Here's the relevant legalese from the CC-BY license:
- If you distribute, publicly display, publicly perform, or publicly digitally perform the Work or any Derivative Works or Collective Works, You must keep intact all copyright notices for the Work and give the Original Author credit reasonable to the medium or means You are utilizing by conveying the name (or pseudonym if applicable) of the Original Author if supplied; the title of the Work if supplied; to the extent reasonably practicable, the Uniform Resource Identifier, if any, that Licensor specifies to be associated with the Work, unless such URI does not refer to the copyright notice or licensing information for the Work; and in the case of a Derivative Work, a credit identifying the use of the Work in the Derivative Work (e.g., "French translation of the Work by Original Author," or "Screenplay based on original Work by Original Author"). Such credit may be implemented in any reasonable manner; provided, however, that in the case of a Derivative Work or Collective Work, at a minimum such credit will appear where any other comparable authorship credit appears and in a manner at least as prominent as such other comparable authorship credit.
So, at least for papers from PLOS journals and probably for papers from other OA journals, the book publisher is contravening the license by not conspicuously including a citation to the original publication.
Contravention #2: The CC-BY license prohibits 'implied endorsement'. Here's what the Creative Commons wiki says:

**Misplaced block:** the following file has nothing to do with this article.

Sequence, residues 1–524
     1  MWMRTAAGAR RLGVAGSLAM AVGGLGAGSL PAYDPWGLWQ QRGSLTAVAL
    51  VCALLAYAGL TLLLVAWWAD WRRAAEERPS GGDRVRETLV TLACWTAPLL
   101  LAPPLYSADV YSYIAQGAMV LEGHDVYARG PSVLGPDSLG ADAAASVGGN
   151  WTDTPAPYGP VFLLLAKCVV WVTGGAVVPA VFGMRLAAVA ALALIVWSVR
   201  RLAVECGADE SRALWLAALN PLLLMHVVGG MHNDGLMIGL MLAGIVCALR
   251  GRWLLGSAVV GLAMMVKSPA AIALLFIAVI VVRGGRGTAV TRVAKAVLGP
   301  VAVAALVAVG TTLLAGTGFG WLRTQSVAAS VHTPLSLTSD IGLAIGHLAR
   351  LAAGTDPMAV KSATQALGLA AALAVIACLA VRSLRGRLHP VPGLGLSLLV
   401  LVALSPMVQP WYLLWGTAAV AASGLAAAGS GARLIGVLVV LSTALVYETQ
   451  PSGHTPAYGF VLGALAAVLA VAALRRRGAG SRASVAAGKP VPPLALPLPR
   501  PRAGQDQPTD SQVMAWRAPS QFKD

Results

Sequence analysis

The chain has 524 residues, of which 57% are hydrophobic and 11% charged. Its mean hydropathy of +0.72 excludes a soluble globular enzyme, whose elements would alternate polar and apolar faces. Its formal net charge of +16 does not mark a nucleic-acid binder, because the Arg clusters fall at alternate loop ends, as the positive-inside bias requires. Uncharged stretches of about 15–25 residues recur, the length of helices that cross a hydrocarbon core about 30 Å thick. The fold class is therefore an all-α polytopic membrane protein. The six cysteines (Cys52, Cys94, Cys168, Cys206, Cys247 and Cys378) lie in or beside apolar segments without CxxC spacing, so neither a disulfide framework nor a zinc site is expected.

"All CC licenses prohibit using the attribution requirement to suggest that the original author or licensor endorses or supports a particular use of a work. This "No Endorsement" provision protects reputation, and its violation constitutes a violation of the license and results in automatic termination."This means that the book publisher cannot simply list the original authors of the article as authors of the book chapter. Instead they must say something like "This is an edited version of the paper by the original authors" or otherwise make it clear that these authors are not responsible for this new publication. Similarly, the book must not list the authors as "Contributors", since this also implies that the authors endorse the new work.
The appropriate response is legal action by the journal agains the book publisher: My survey of authors found that authors are most concerned about how this reuse could affect their reputations; they want to be sure that their work will be correctly cited and that they are not held responsible for the reuse. Preventing the two contraventions described above would go a long way to eliminate the authors' concerns.
In principle the individual authors could sue the book publisher, or maybe organize a class action suit. But in this situation I think legal action should be the responsibility of the journal publishers. The authors have paid substantial fees to the publishers, and legal action to protect their rights should be considered part of the cost of running an open access journal.
I still think that open access journals should give potential authors more information about the risks of the CC-BY license as well as its benefits. But taking responsibility for defending authors' rights would let journals provide this information in a much more positive way. For example, they could say:
"The CC-BY license protects the rights of authors to have their publication correctly cited when it is reused, and to not be seen as responsible for any alterations. This journal will take legal action to defend these rights if they are infringed."